Thursday, May 29, 2008

Doctor Who S04E07-The Unicorn and the Wasp

The Doctor and Donna arrive in the roaring 20’s just in time for a big dinner party. Among the guests is distinguished mystery author Agatha Christie, one of The Doctor’s most favorite authors. But no sooner does this trio arrive that murder most foul is committed at the party. As The Doctor, Donna and Ms. Christie hurry to solve the mystery two things become clear pretty fast: the perp is among their small group and whoever he or she may be, they are anything but human.

Doctor Who does Clue, that’s the best way I can sum up this episode in a nutshell. The setup for an Agatha Christie themed story was seen at the end of Series 3 when The Doctor mentioned her to Martha, so it makes perfect sense he would get around to her sometime this series. However, this episode turns out to be probably one of the most uninspired and slow to the core episodes that leaves very little to the running wild imagination.

Maybe it’s just me being nitpicky about what to expect from a Doctor Who episode; but this outing seemed to lack a lot of that big scifi element that I watch the show for in the first place, instead trading it for full on mystery. Even the big, really fracking big Wasp from the title failed to do much to keep me interested.

Another thing, this type of story has been done before. The Doctor seems to have a penchant for meeting up with famous writers for a time period (Charles Dicken’s in Series 1’s “The Unquiet Dead” and William Shakespeare in Series 3’s “The Shakespeare Code”) What makes this episode pale in comparison to those stories was that it just doesn’t have the same energy and interesting characters as they did. I knew the name Agatha Christie from someplace or another and I knew she was an author, but I never knew what genre she was known for. For some reason, I never found her as likeably portrayed as Shakespeare or Dickens. Again, my opinions don’t account for everyone. Either you like an episode or you don’t. This just wasn’t my favorite “Who” episode, one had to pop up eventually. I know this review might be lacking in usual detail but it’s been a while and I don’t really want to watch this episode again. Sorry.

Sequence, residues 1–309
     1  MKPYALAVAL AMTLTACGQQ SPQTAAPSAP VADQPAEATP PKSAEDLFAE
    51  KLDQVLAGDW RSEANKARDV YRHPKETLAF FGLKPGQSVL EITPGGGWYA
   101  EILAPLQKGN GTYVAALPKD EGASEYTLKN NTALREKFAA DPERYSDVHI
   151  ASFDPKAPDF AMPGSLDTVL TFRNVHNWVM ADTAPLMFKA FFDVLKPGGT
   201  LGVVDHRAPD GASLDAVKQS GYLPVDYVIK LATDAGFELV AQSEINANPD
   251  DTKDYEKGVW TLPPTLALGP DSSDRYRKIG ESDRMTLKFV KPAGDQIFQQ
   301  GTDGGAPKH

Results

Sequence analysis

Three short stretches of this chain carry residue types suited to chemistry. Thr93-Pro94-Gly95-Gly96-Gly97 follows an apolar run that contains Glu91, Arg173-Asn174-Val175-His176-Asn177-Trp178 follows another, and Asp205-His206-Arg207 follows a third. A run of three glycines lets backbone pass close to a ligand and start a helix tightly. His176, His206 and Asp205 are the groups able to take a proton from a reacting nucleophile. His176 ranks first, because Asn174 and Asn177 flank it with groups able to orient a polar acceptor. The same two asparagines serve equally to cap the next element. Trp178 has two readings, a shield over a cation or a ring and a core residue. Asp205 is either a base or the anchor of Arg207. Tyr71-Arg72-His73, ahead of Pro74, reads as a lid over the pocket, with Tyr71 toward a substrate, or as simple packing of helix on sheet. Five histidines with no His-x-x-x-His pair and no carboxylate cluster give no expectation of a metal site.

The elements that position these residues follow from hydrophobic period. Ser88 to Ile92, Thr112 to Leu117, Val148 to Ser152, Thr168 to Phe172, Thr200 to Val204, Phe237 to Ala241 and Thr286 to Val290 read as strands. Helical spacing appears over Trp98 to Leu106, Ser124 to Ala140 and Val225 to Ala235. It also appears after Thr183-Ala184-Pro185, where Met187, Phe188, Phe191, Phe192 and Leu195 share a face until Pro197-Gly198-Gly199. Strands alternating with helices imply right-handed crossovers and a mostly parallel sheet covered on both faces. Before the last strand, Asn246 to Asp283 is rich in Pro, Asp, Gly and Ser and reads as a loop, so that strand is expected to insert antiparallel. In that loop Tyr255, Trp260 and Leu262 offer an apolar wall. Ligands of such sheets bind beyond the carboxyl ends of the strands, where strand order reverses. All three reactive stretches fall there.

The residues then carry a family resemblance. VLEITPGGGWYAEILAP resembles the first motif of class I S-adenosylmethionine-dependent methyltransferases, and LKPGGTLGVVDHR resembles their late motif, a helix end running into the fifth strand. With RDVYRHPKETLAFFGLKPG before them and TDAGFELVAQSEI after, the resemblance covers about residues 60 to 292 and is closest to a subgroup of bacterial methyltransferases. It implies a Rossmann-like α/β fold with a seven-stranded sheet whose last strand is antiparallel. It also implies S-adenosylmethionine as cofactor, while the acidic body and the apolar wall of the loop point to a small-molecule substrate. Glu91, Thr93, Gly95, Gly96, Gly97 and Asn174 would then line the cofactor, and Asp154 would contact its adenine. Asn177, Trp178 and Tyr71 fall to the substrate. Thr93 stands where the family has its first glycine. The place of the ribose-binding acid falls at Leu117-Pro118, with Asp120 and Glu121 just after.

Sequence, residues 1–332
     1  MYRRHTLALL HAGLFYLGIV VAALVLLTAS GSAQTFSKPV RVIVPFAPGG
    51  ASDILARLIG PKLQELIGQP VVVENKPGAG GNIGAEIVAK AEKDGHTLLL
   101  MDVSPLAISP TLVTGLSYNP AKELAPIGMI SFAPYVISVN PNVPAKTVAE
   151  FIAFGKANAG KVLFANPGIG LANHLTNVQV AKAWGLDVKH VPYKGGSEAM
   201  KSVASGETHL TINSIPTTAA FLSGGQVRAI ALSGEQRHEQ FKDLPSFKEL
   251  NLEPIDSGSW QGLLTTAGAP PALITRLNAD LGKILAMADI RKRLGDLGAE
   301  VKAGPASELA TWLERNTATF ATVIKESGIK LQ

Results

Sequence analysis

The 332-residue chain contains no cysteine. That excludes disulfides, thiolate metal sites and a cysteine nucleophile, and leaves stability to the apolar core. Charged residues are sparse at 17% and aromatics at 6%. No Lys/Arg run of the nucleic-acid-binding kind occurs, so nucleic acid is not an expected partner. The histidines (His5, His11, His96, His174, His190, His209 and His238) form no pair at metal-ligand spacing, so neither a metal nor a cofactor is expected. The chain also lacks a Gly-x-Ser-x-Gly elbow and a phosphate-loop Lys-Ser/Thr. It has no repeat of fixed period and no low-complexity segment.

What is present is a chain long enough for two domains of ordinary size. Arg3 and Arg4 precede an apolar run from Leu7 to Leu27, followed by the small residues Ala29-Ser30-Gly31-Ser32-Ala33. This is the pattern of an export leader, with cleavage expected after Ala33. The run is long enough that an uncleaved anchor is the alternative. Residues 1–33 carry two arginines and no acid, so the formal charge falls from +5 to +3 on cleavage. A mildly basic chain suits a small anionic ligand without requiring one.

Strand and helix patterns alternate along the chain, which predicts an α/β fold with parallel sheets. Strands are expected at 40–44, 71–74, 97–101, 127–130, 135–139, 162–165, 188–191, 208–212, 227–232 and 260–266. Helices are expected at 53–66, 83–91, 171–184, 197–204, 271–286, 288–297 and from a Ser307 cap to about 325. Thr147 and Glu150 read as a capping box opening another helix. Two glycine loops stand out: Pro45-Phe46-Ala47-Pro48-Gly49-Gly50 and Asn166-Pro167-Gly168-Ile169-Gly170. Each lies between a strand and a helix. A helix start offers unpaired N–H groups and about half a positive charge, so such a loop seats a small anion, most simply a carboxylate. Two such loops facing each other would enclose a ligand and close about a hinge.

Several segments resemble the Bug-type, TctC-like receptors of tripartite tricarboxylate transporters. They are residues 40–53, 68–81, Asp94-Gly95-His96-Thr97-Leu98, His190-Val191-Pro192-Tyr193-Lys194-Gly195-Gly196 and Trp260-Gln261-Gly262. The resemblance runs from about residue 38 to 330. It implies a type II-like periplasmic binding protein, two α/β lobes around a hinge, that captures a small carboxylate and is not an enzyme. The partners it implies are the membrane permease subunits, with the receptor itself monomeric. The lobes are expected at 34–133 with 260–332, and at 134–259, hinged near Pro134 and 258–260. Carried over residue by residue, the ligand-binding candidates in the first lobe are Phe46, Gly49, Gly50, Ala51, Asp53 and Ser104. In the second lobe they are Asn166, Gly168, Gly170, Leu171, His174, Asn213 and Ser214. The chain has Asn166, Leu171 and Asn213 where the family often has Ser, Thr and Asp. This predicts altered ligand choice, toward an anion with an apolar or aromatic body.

Maybe I’m just really getting all too anxious for the last half of the series, which was featured in a kick ass trailer this past weekend featuring a gun totting Rose, the return of the Daleks and the mention of the mysterious “Darkness”, which I fear might be something worse than the Daleks could ever be. That magic I mentioned in my review of “Partners in Crime” is about to come down hard and hopefully it will not disappoint.

Next Week-The galaxy’s biggest library hides secrets in the shadows.


P.S. I’m sorry it took almost two weeks to get this up, but I have been busy with work and family. But I’ll be more up to date in the future.

Monday, May 12, 2008

Doctor Who S04E06-The Doctor's Daughter

When the Tardis is suddenly yanked from Earth, The Doctor, Donna and Martha are thrown onto the world of Messaline. Here, a faction of cloned humans and a faction of alien Hath are locked in combat over a mysterious object referred to as “The Source”. With Martha captured by the Hath and the human faction looking to gun down the pacifistic Doctor, the only hope of halting the escalating violence lies in the quick wit and survival instincts of a the human faction’s newest recruit, straight from The Doctor himself. That hope is Jenny…The Doctor’s Daughter.